Saturday, January 29, 2011

Interview: @JCPoppe is Back

I've always liked JC Poppe. And have long respected his honestly through his music. I was first introduced to Poppe when he released Sleep Therapy, an album that comes literally from a sleeping disorder. Music was his outlet to keep mind or body occupied. It was “Mixtape Epidemic” off of that project which immediately caught my attention.

We've been cool ever since.

Back when I first interviewed Poppe he described his sound as a bit alternative Hip-Hop with major influences from Public Enemy and Rage Against The Machine. To boil it down, his sound is aggressive.

And with his two new projects, he continues to build using that aggressive sound.

Tea Party and Shadowland provide two parts of the talented Wisconsin native. Tea Party, in a sense is your traditional Hip-Hop project. And Shadowlands is a deeper look into the personal side of Poppe, which includes some highs and lows from the last few years of his life. Of the two, Shadwolands is the more heartfelt project because of it's deep connection to Poppe personally.

That's not to say that the content on Tea Party isn't heartfelt. It's just a different personal connection.

I don't think Shadowlands could survive without the other. They compliment each other too well. You get this hard-hitting Hip-Hop side of Poppe in Tea Party and through Shadowlands you get some raw material that comes from a deeper place. Once you hit play, you'll get the picture.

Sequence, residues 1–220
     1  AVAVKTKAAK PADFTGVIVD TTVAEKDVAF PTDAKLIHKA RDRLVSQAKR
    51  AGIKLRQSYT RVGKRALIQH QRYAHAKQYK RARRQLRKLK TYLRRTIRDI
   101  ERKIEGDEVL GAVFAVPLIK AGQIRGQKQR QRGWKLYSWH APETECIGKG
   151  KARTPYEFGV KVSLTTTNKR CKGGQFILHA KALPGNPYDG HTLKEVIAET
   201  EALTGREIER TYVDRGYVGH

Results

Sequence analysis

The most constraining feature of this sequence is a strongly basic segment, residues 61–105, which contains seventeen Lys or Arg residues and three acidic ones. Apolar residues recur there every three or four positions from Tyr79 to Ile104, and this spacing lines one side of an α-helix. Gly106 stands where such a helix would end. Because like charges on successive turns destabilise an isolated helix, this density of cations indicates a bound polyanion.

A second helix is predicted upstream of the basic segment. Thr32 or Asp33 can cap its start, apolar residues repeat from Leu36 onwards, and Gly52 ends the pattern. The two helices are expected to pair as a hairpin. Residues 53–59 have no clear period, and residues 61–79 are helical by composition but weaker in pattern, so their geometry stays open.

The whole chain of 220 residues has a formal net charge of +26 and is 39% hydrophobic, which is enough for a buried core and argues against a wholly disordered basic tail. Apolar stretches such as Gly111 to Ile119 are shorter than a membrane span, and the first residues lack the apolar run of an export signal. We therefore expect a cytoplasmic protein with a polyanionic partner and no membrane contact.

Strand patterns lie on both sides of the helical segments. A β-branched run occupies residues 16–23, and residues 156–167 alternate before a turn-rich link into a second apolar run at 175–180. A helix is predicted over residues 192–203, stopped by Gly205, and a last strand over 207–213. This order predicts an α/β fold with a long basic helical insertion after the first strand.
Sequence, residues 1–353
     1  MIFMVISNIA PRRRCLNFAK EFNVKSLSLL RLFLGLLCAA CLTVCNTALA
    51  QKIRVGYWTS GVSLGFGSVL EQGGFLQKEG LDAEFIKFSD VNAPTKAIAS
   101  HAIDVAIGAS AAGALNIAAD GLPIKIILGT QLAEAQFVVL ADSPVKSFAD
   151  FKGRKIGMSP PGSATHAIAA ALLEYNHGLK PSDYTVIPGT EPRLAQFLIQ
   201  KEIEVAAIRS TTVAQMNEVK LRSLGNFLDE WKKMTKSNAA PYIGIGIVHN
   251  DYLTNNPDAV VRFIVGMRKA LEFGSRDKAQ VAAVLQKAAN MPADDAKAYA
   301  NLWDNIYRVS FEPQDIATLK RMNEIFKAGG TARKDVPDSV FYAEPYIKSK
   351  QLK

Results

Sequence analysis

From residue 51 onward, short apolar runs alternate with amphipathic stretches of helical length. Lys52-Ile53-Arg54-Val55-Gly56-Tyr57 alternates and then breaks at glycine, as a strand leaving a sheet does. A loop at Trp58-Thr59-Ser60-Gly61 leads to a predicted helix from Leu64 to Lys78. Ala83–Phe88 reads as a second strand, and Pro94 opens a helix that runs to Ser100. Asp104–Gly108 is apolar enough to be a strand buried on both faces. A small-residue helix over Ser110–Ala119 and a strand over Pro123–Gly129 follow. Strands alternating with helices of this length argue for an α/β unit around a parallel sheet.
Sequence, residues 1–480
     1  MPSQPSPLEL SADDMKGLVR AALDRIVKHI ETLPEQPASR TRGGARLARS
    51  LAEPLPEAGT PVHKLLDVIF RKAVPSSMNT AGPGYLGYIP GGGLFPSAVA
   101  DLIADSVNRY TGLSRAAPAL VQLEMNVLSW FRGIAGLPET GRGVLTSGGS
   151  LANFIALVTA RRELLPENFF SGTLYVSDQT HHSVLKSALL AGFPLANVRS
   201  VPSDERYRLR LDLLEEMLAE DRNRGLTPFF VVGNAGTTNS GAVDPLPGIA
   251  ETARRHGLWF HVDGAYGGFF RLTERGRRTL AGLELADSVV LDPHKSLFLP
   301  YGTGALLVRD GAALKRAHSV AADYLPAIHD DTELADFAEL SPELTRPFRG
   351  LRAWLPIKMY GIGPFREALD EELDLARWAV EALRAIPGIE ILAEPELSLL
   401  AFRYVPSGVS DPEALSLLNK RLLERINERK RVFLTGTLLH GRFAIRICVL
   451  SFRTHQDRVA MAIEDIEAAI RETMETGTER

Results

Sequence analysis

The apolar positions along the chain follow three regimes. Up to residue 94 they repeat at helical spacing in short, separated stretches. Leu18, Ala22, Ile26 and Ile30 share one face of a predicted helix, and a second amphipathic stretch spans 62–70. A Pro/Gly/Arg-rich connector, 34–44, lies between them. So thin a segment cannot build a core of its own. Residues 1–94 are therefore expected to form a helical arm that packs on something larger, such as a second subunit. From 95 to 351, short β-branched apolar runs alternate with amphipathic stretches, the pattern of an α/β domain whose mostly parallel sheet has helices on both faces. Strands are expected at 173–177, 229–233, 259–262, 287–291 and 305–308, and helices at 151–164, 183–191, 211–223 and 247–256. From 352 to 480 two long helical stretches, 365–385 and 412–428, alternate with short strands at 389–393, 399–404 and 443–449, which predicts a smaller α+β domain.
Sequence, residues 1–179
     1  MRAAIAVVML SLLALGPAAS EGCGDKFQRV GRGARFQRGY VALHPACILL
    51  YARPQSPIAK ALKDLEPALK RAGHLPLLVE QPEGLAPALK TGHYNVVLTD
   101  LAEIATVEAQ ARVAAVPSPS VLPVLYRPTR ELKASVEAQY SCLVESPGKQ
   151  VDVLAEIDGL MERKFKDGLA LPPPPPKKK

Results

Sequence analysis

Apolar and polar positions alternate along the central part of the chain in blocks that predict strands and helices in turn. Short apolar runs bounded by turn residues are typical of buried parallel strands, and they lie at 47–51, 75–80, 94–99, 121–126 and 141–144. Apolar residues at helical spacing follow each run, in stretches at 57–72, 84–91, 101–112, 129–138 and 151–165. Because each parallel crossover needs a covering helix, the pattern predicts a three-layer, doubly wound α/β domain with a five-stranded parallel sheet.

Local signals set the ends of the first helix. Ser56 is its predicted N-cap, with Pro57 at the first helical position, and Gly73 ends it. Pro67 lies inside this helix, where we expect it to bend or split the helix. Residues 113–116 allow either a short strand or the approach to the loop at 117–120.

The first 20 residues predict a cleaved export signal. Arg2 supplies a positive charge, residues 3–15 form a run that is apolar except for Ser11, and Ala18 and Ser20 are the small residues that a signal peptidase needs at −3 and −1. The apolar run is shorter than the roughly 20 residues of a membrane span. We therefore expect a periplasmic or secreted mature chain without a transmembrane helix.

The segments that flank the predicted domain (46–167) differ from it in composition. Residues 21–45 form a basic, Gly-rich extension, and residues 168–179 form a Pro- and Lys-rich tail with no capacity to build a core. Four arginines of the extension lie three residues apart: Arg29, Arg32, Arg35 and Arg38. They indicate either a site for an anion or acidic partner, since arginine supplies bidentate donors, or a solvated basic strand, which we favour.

Recently, I reached out to Poppe for an interview. Check out the Q&A after the jump.

ThroatChop: Why two projects? Why not just one with mixed content?

JC Poppe: After looking at all of the songs that I had been writing for Tea Party, and noticing the very distinct and different trains of thought the songs seemed to trend towards, I decided that it was more important to tell the two stories that were forming, as unique albums. Trying to weave all of the tracks together would’ve left either type of track lacking in punch because the mood the listener would be in, going up and down and left and right, would grow tiresome of the lack of continuity.

TC: Why now?

JC: I had to ask myself the question of “Why NOT now?” quite often. The albums were done in Late November and I had planned to release them before Christmas but that didn’t work out due to the place I wanted to have my party at having way too much going on at that time. As an independent artists, I dictate my future but I could’ve easily sat on these albums and just kept pushing off putting them out while giving dozens of different reasons. But, after I really thought about it, I understood that I just needed to get it over with and get them out. Believe it or not, there actually were a few people really interested in hearing the music, and I didn’t want to be another rapper that talks a good “I’m going to…” game. That has never been me. When I say I am going to do something, I do it. So, it had to be done.

TC: After the break from HiPNOTT did Tea Party change much?